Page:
Therefore, a premalignant condition

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Cheilitis Glandularis

Clinical
Mucous minor salivary glands of lips are inflamed Mucus secretions Premalignant condition - - - - > squamous cell carcinoma

Post-Developmental Loss of Tooth PostStructure


Attrition - physiological Abrasion - pathological
Mechanical wear at cervical region g most typically yp y Habits / occupations

Erosion
Chemical loss of tooth structure exclusive of acidogenic theory of caries

Chlorinated pools Hiatal hernia, bulimia


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Gastric regurgitation and GERD


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Post-Developmental Loss of Tooth PostStructure

Post-Developmental Loss of Tooth PostStructure

Abrasion

Erosion

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Periapical Cemento Cemento-osseous Dysplasia

Oral Hairy Leukoplakia

(Periapical cemental dysplasia; periapical osseous dysplasia)

Clinical
White, rough plaque on lateral border of tongue (#1 site) Seen in HIVHIV-positive individuals that are progressing to AIDS Caused by Epstein Epstein-Barr virus

Clinical
MiddleMiddle-aged black women Mandibular anterior vital teeth No pain or expansion - - asymptomatic

Radiographic
Diagnosed by characteristic findings Multifocal periapical lucencies which mature over time; become mixed lucent/opaque and finally mainly opaque

Time

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Florid CementoCemento-osseous Dysplasia (florid osseous dysplasia)

Florid Osseous Dysplasia

Clinical
Multiquadrant FibroFibro -osseous intrabony lesion Hard product produced is avascular so . . Most likely complication is a secondary osteomyelitis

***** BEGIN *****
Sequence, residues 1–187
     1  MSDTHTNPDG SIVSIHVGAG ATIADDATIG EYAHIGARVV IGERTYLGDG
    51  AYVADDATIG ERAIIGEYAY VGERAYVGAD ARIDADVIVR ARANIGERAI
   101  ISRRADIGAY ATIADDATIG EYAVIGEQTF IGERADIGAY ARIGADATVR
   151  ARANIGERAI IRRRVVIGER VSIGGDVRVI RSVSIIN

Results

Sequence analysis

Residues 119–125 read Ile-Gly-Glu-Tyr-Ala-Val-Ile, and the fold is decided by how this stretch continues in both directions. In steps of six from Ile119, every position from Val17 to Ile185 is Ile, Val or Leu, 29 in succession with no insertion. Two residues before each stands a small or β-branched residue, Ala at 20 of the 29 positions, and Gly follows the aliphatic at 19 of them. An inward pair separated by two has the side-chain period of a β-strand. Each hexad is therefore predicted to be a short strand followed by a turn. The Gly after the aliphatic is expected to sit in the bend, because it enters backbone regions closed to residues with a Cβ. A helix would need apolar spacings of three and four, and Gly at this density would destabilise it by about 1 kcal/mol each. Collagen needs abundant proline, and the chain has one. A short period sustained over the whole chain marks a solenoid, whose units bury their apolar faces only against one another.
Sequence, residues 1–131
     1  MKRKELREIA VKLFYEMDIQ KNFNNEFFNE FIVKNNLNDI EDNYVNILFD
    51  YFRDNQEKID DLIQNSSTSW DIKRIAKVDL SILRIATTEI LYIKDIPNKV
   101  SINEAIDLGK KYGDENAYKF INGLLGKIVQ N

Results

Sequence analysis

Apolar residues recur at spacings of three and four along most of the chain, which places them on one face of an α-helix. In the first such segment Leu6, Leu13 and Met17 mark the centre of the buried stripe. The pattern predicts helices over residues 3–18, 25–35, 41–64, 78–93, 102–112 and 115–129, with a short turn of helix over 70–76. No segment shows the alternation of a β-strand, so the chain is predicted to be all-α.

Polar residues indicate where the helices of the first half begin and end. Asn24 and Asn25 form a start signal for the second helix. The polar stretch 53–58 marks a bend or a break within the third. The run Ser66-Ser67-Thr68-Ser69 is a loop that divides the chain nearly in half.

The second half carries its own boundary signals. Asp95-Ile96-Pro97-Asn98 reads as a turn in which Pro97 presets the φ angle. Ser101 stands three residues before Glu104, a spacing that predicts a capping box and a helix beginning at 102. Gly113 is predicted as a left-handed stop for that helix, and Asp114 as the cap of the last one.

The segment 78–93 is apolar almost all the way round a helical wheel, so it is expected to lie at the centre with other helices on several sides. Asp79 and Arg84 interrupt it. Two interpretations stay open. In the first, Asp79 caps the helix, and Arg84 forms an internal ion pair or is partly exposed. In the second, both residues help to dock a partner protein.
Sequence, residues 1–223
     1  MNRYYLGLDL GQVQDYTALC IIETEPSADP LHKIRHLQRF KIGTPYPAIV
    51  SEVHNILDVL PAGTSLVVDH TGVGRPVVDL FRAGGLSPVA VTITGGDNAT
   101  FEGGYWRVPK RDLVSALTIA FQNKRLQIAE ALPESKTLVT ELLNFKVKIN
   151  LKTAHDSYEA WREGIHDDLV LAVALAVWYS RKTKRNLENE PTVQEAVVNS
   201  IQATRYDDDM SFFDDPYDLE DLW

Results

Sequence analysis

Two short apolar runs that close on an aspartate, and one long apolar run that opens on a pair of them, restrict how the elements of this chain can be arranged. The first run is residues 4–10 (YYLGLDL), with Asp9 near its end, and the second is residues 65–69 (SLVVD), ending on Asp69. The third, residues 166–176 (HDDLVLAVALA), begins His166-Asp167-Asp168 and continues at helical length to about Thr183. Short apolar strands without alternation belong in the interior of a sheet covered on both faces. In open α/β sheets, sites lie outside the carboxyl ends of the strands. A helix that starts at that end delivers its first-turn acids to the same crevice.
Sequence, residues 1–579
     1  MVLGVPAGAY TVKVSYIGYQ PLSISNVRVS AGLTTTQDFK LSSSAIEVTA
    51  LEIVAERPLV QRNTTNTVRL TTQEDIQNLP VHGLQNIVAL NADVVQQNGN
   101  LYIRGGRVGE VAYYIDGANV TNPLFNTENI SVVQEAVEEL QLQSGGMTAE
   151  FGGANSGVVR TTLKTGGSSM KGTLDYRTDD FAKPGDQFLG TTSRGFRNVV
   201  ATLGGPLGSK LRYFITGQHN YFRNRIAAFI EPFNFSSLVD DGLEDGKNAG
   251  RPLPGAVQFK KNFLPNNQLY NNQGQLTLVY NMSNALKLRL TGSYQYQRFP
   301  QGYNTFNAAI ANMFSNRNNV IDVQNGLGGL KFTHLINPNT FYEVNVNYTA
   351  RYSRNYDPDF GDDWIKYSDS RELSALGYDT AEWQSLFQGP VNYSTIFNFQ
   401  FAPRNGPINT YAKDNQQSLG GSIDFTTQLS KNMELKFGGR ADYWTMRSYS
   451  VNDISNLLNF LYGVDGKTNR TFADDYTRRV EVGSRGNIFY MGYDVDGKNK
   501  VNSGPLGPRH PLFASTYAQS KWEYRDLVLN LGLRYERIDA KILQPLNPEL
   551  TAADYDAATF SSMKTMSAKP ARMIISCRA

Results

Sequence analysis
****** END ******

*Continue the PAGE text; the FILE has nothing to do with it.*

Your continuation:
Radiographic
Radiolucent and radiopaque

Treatment
None necessary after dx

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Lichen Planus

Clinical
Skin and/or oral condition Middle aged women most often Skin

Lichen Planus

Purple, polygonal, pruritic papules White papules and coalescing papules = Wickams striae Does not wipe off any oral site Reticular form; often asymptomatic Erosive form On tongue may be mistaken for geographic tongue Sensitive, painful Most common site Buccal mucosa Ex. dorsum of tongue White plaques, individual papules and striae Hyperplastic form - - plaque plaque-like Does not wipe off

Oral

Reticular

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Cutaneous

Hyperplastic

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Erosive Lichen Planus

Peripheral Ossifying Fibroma


Clinical
Soft tissue lesion, not in bone but makes osteoid/bone Occurs on gingiva, especially interdental papilla area Product may be seen on dental radiographs as scattered light opacities

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Cleidocranial Dysplasia

Clinical
Multiple unerupted supernumerary teeth Retention of primary teeth Delayed eruption of permanent teeth Missing clavicles, frontal bossing, large head

Neurofibromatosis, type 1 (von Recklinghausens disease of skin)


Clinical
Multiple neurofibromas (nodules) of the skin and oral cavity (especially tongue) Caf au lait pigmentation (abnormal macules or spots p of the skin) )

Brown macules

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Calcifying Odontogenic Cyst (Gorlin Cyst)

Histology
Ghost cells Calcifications

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Nicotine Stomatitis

Melanotic Neuroectodermal Tumor of Infancy


Clinical Rapid onset, destructive in newborns Increase of vanillylmandelic acid ( (VMA VMA) ) Anterior maxilla, soft and hard tissue Mobile teeth Radiographic Intrabony, lucent, destructive Malignant looking but benign usually

Clinical
Hard palate Red, inflamed minor salivary gland ducts with background of leukoplakic change Tobacco use Pipe smokers most often Cigarettes

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Auriculotemporal syndrome (Frey syndrome)

Aspiration

Clinical
Often after parotid gland surgery Sweating of unilateral facial skin just prior to eating Does not affect cranial nerve VII (rather V)